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African immigrants to Switzerland

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African immigrants to Switzerland

African immigrants to Switzerland include Swiss residents, both Swiss citizens and foreign nationals, who have migrated to Switzerland from Africa. The number has quintupled over the period of 1980 to 2007, with an average growth rate of 6% per annum (doubling time 12 years). According to official Swiss population statistics, 73,553 foreigners with African nationality lived in Switzerland as of 2009 (0.9% of total population, or 4.3% of resident foreigners).[1] Since the census records nationality, not ethnic origin, there is no official estimate of the number of naturalized Swiss citizens from Africa.

Demographics

Of the 73,553 African nationals recorded in 2007, 78% were considered permanent residents in Switzerland (including recognized refugees, accounting for about 8%), while the remaining 22% were asylum seekers.[2]

Permanent residents with African nationalities, organized by region of origin:
year 1980 1990 2000 2009
North Africa 6,205 10,905 15,469 20,415
East Africa 1,597 3,137 7,111 12,636
Central Africa 860 3,044 7,409 11,976
West Africa 1,390 2,601 6,488 10,842
Southern Africa 487 604 1,141 1,835
total 10,539 20,291 37,618 57,704

The largest group of residents of North African origin are from Morocco.[3] The above-average increase of residents from Central Africa is due to immigration from Angola, Cameroon and Congo (Brazzaville). Unofficial estimates exist for a number of African nations. For example, an estimated 1,500 people of Cape Verdean descent lived in Switzerland as of 1995.[4]

Asylum seekers

A third of Africans residing in Switzerland are asylum seekers. An additional unknown number have stayed in Switzerland as sans papiers after they were refused asylum.

There was a steep surge of asylum requests from criminals abusing the asylum system, entering Switzerland with the intention of pursuing petty crime and drug dealing.[5] The Nigerian ambassador to Switzerland, Martin Ihoeghian Uhomoibhi, objected to du Boi-Reymond's statement as an undue generalization.[6]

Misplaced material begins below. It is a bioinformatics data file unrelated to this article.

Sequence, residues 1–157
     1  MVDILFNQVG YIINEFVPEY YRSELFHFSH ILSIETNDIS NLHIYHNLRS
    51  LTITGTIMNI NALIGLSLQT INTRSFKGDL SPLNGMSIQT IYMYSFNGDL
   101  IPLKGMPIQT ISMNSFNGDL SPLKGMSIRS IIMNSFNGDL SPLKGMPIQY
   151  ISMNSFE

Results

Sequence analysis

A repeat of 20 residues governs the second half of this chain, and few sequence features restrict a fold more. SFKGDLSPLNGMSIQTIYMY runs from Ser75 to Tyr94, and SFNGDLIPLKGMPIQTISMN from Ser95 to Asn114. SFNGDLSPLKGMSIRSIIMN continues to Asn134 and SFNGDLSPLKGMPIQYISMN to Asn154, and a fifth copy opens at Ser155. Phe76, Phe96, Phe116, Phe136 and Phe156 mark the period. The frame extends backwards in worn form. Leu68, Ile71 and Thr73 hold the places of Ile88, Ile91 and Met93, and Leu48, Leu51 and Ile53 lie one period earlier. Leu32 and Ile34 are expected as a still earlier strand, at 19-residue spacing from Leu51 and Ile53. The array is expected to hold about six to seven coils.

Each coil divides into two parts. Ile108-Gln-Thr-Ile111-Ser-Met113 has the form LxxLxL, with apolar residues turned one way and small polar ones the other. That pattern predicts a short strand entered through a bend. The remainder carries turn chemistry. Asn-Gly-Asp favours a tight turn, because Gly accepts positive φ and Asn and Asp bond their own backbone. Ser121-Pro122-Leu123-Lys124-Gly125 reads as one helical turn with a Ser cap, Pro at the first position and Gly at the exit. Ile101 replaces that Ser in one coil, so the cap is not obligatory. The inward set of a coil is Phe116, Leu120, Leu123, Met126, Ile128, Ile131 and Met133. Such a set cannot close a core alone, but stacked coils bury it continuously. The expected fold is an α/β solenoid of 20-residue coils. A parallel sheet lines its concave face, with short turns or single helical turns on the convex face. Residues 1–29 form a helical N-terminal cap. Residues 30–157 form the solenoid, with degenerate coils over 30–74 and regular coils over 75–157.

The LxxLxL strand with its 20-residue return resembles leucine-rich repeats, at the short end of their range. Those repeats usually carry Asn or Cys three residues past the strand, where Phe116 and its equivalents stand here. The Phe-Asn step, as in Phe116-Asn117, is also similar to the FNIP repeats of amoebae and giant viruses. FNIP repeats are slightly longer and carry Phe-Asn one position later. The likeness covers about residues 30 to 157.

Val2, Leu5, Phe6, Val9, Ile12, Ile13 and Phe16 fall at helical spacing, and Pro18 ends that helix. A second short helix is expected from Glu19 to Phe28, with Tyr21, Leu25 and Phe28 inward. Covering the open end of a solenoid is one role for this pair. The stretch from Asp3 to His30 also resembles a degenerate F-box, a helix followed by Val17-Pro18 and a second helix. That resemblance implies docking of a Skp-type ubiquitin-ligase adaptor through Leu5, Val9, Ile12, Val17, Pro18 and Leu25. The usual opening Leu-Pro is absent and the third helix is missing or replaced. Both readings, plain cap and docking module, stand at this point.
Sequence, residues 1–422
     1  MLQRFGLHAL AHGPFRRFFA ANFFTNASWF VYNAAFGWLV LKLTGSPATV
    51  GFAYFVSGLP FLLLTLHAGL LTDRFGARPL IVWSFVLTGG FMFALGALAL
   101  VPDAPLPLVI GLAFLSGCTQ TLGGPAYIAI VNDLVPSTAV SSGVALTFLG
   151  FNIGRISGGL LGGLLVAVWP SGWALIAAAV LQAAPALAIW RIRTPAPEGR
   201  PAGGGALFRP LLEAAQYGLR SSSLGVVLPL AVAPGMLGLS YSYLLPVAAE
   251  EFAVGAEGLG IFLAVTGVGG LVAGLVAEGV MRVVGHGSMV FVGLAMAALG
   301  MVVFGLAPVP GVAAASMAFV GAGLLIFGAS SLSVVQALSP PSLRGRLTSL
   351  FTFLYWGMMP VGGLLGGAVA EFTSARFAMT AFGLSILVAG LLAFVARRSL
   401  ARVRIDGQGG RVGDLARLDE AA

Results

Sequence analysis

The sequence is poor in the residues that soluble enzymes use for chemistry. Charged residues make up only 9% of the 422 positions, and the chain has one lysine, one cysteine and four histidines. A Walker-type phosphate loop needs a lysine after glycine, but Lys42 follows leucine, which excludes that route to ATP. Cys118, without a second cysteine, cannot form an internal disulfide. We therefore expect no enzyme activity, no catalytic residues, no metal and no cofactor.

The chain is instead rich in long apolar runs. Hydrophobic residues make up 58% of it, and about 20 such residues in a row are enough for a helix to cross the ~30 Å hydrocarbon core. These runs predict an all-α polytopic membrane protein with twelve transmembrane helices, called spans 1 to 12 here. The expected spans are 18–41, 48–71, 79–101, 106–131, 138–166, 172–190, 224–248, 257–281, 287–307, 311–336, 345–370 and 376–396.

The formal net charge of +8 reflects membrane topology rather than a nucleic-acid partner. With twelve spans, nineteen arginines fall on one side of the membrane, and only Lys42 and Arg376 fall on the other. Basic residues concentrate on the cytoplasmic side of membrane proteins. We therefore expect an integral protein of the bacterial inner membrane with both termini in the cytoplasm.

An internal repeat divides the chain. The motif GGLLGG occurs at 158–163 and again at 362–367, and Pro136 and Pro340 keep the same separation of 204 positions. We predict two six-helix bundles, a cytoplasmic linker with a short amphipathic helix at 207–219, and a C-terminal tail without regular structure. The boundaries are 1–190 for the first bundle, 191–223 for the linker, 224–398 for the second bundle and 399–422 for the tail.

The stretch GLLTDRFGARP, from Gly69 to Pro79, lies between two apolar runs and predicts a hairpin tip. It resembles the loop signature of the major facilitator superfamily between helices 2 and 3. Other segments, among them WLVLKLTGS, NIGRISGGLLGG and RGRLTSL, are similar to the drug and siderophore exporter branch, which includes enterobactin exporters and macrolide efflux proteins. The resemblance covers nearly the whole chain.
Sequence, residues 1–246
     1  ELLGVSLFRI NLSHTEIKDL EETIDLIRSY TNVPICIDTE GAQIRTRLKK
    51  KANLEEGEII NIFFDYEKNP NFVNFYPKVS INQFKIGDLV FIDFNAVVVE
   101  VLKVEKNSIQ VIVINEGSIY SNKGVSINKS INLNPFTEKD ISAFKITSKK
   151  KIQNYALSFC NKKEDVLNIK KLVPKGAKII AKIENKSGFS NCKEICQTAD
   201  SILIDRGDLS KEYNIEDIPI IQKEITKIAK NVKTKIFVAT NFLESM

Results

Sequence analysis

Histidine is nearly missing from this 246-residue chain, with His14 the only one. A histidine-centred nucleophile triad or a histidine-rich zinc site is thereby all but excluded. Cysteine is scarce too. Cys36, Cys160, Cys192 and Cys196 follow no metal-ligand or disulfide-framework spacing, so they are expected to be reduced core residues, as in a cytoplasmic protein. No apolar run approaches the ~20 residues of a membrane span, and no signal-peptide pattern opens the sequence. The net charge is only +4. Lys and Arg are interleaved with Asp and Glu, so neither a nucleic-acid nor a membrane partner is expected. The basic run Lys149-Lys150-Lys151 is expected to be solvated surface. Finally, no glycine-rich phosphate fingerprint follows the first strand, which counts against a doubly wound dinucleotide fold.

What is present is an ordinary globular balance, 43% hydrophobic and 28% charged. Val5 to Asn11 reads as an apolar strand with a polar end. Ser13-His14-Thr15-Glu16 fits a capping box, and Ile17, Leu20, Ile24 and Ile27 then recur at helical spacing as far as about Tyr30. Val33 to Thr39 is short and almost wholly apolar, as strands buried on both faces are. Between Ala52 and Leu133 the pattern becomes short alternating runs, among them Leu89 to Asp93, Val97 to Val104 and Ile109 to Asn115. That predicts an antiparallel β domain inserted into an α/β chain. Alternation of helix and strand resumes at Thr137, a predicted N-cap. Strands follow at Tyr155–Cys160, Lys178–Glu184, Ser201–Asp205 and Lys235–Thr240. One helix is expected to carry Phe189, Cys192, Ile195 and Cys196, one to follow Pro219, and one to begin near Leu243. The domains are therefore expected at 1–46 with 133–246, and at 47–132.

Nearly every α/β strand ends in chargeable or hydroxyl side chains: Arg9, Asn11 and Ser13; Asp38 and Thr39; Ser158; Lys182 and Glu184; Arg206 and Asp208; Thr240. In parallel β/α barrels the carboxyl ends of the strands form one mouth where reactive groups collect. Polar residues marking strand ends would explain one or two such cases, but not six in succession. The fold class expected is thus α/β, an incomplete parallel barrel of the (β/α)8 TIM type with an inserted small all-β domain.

The question of Algeria since 2006, which has however been stalled due to a refusal to ratify additional protocols on the part of Algeria.

Switzerland has signed a technical agreement on re-admittance in the case of repatriation of rejected asylum seekers with three African countries, Guinea, Democratic Republic of Congo and Sierra Leone.[7] There is also a repatriation agreement with Nigeria, but this was suspended by Nigeria following the death of a Nigerian citizen during forced repatriation in March 2010.[8]

Notable people

Notable Swiss people of African origin are found mostly in sports, especially football, e.g. José Gonçalves, Gelson Fernandes, Gilberto Reis, Oumar Kondé, Bruce Lalombongo, Enes Fermino, Badile Lubamba, Hervé Makuka, Mobulu M'Futi, Ugor Nganga, Blaise Nkufo, Cédric Tsimba, Johan Djourou, Owusu Benson, Richmond Rak, Kim Jaggy. The first Swiss ever to play in the NBA, Thabo Sefolosha, is the Swiss-born son of a black South African immigrant.

Ricardo Lumengo, originally of Angola, is notable as the first black politician to be elected to the Swiss National Council (Swiss federal election, 2007).

See also

References

  1. ^ Ausländerinnen und Ausländer in der Schweiz - Bericht 2008 (German) (1196 KiB), Swiss Federal Statistical Office, page 72. Wohnbevölkerung nach Geschlecht und detaillierter Staatsangehörigkeit, Federal Statistical Office.
  2. ^ A total of 30% had residence status N (asylum seeker) or F (refugee) as of 2007. Federal Office of Statistics, p. 14.
  3. ^ Federal Office of Statistics
  4. ^ 1995 Cape Verdean Diaspora Population Estimates
  5. ^ Task-Force gegen Asylmissbrauch 11 April 2010.
  6. ^ Nigerianischer Botschafter verlangt Aussprache mit Schweizer Bundesamtschef 29 April 2010; [1] NZZ 29 April 2010.
  7. ^ Refugee repatriation debate rears its head swissinfo.ch 4 March 2010.
  8. ^ Nigeria setzt Ausschaffung faktisch ausser Kraft 16 April 2010.

External links

  • Central Intelligence Agency. "Switzerland." The World Factbook. Retrieved October 19, 2007.
  • http://www.swiss-african-center.ch
  • Inside Africa Switzerland
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